Insight Somalia
Image default
Politics Socio-Economic

Somali Officials Misrepresent IMF Statements and Reports

Somalia suffers from the disgraceful culture of leaders and politicians invoking deceptively legitimate documents like the Provisional Constitution for bolstering false claims and arguments or for obfuscating critical search for truth. That culture has undermined the requirement of truth, good faith, and accountability in the public life and dashed the public hope for the democratic state of Somalia governed by the rule of law and democratic values.

Under such culture, federal government officials responsible on financial and economic affairs are frequently citing press statements or reports of the International Monetary Fund (IMF) staff as evidence supporting their claims of integrity and good performance in public financial management and economic accomplishments. Those officials are fully aware that their offices did not provide a comprehensive official account on budget execution in 2017 and 2018 (past 10 months), accumulated arrears, off-budget revenues, foreign aid shortfalls. Also, they did not respond to allegations of misuse of Saudi Arabia funds, fishing contracts with a Chinese company, monthly secret cash transfer from Qatar Government, and pervasive mismanagement of Mogadishu local government finances. The 2018 report of Financial Governance Committee (FGC)chaired by the Minister of Finance affirms, “The majority of the expenditures submitted by FGS at the end of 2017 for reimbursement under the non-salary component of the World Bank Recurrent Cost Reform Financing (RCRF) facility were deemed ineligible as agencies had failed to adhere to the required procurement processes.”

Nothing said in the IMF Staff and Executive Board statements and reports support the financial integrity and accomplishments claimed by the federal government officials. To the contrary, the statements and reports describe the corruption, weak (repressive) governance, insecurity, and political conflicts prevailing in the country in 2017-2018. Therefore, the officials are either engaged in dishonest propaganda deliberately intended to mislead the public unfamiliar with the IMF staff statements and reports or lacked genuine comprehension of the information in the press statements and reports.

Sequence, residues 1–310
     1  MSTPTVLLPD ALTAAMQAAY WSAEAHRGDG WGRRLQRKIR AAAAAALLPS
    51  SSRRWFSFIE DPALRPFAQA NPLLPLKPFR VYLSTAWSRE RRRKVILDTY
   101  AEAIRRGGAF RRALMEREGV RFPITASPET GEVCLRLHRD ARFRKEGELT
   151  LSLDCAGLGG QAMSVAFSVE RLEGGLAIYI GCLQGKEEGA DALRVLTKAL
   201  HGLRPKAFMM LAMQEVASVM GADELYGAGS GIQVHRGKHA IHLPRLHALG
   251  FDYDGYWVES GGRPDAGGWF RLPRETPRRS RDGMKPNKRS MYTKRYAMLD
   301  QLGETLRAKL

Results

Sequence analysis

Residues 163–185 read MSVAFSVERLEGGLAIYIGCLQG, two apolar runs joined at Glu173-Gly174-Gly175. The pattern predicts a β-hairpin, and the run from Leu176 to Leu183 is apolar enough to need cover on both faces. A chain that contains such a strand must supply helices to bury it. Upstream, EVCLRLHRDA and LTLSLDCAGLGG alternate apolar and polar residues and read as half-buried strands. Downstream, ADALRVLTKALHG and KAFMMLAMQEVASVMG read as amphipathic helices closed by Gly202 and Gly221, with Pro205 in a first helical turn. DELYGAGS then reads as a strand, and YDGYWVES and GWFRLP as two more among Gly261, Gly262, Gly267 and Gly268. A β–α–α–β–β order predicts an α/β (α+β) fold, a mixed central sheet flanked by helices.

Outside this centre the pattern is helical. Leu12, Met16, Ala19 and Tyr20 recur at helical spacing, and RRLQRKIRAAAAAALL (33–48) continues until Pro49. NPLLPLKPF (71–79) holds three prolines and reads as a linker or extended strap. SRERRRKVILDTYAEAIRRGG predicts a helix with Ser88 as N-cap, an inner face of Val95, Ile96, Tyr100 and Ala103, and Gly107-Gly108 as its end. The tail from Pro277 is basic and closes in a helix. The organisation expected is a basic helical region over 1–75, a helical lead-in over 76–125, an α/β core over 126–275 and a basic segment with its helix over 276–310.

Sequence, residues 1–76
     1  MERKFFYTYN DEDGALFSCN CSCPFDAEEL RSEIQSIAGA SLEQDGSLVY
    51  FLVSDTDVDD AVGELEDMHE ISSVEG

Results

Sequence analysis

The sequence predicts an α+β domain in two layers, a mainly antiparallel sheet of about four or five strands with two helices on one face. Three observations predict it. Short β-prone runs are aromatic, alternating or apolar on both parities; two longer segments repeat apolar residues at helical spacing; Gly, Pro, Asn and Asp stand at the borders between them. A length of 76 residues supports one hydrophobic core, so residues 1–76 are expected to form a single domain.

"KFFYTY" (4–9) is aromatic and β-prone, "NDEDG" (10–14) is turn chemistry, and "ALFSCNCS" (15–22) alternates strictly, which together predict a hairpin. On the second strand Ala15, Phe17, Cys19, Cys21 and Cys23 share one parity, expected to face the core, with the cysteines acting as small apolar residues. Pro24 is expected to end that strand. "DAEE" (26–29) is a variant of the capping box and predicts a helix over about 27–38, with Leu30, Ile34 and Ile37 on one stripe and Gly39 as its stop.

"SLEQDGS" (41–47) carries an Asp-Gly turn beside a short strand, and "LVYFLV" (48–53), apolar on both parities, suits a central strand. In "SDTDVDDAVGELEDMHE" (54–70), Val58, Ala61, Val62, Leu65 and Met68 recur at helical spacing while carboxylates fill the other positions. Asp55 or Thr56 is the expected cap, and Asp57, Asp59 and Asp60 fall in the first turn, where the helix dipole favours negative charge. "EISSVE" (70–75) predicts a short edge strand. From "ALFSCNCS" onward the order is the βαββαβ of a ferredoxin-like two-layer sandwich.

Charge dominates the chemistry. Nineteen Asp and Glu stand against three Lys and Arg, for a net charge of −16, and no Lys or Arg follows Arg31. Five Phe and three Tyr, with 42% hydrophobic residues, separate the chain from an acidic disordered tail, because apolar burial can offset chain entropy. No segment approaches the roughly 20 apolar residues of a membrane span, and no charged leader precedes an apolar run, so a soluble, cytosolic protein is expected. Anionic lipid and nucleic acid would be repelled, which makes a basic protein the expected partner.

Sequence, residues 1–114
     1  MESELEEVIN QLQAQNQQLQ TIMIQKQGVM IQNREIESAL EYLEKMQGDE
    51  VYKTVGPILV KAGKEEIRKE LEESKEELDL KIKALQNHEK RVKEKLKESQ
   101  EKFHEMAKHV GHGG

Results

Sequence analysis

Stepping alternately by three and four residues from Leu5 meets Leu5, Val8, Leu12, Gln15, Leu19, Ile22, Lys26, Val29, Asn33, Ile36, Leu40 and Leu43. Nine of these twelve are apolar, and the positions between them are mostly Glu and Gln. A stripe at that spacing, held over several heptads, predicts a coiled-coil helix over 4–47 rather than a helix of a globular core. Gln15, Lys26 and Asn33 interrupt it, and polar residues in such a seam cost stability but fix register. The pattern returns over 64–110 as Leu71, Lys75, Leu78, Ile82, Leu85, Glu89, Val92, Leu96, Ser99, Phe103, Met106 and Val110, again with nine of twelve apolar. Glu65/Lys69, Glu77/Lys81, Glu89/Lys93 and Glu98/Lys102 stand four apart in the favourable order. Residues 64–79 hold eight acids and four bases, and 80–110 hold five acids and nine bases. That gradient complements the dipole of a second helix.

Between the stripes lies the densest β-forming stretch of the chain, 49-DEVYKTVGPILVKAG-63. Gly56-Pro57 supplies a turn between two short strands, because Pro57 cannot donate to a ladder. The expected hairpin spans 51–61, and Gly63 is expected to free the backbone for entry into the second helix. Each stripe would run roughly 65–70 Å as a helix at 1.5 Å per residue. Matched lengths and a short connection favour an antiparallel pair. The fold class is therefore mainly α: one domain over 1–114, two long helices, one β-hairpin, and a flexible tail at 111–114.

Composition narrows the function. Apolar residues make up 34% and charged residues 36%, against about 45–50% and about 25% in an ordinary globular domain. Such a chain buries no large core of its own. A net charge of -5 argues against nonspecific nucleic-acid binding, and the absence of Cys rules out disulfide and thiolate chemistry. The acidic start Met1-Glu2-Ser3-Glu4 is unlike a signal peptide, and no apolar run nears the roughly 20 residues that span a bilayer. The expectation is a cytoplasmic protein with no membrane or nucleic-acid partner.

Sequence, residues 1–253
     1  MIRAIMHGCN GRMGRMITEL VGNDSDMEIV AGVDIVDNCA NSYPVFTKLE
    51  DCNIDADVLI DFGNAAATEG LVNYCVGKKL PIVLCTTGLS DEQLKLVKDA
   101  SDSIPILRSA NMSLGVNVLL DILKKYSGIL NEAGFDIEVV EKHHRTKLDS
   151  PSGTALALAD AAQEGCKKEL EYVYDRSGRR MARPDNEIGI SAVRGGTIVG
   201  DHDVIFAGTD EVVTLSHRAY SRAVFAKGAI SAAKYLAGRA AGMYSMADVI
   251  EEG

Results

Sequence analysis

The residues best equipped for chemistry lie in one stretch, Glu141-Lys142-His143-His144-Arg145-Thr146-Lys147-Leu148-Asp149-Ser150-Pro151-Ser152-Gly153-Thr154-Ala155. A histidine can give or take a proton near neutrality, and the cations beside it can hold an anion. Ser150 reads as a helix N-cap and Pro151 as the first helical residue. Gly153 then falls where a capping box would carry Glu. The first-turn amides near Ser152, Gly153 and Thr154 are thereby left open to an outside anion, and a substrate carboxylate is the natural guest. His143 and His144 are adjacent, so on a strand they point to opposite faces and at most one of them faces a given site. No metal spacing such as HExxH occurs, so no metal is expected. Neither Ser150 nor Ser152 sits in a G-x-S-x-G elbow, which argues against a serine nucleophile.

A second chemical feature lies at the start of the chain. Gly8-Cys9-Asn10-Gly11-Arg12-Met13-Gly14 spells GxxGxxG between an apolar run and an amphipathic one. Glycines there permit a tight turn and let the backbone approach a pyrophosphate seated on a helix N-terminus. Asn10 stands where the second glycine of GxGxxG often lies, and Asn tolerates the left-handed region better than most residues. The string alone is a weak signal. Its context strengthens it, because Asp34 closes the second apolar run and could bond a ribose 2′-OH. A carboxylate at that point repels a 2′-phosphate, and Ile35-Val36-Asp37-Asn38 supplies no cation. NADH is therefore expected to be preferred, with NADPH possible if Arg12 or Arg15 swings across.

The first paragraph of the press statement released on December 10, 2018, by Mohamed H. Elhage, team leader of IMF staff mission says, “the views expressed in this statement are those of the IMF Staff and do not necessarily represent the views of the IMF’ Executive Board. This mission will not result in a Board discussion.” From this, it should be clear that the informal agreement of Staff-Monitored Program (SMP) between Somali officials and IMF staff should be used in its limited sense.

The SMP serves to establish a track record of the government behaviour on the implementation of economic policy reform and on governance.

By the end of 2016, the implementation of SMP I was satisfactory. IMF Executive Board of Directors commended “the [Somali] authorities for the significant progress made in rebuilding the economy and restoring key economic and financial institutions in a difficult political and security environment.” That language has not been beaten after 2 years. The Somali officials should be embarrassed by the fact that they meet IMF staff in Nairobi, Kenya because the latter can’t visit the country since 2013 for security reasons.

The cited press statement predicts the failure of achieving the projected 2018 GDP growth of 3.1 % and the Inflation rate of 3.5 % because of the fall of international support. This happens after the unfulfilled projection of 2017 GDP growth rate of 2.3 % and inflation rate 5.5 % two consecutive years of low or negative GDP growth worsens the poverty condition of the country.

The Federal Government failed to tackle from inauguration the impediments to peacebuilding and state-building agenda extensively explained in SMPs, FGC report, 2017 London Partnership agreements and Security Pact. To the bewilderment of the majority, it chose to attack the Federal Member States and to disregard the rule of law, justice, respect of freedom of expression, assembly and movements, free and fair election, and respect of human rights, checks and balance, and accountability, by using violence, intimidation, and corruption. The international partners of the federal government – the UN,US, UK, EU, and AU – seem complacent about the destructive actions of a “triumvirate” who monopolized the state power to destroy the nascent democratic system of governance. Apparently, in Somalia, there is a shift from pro-democracy support to pro-autocracy support.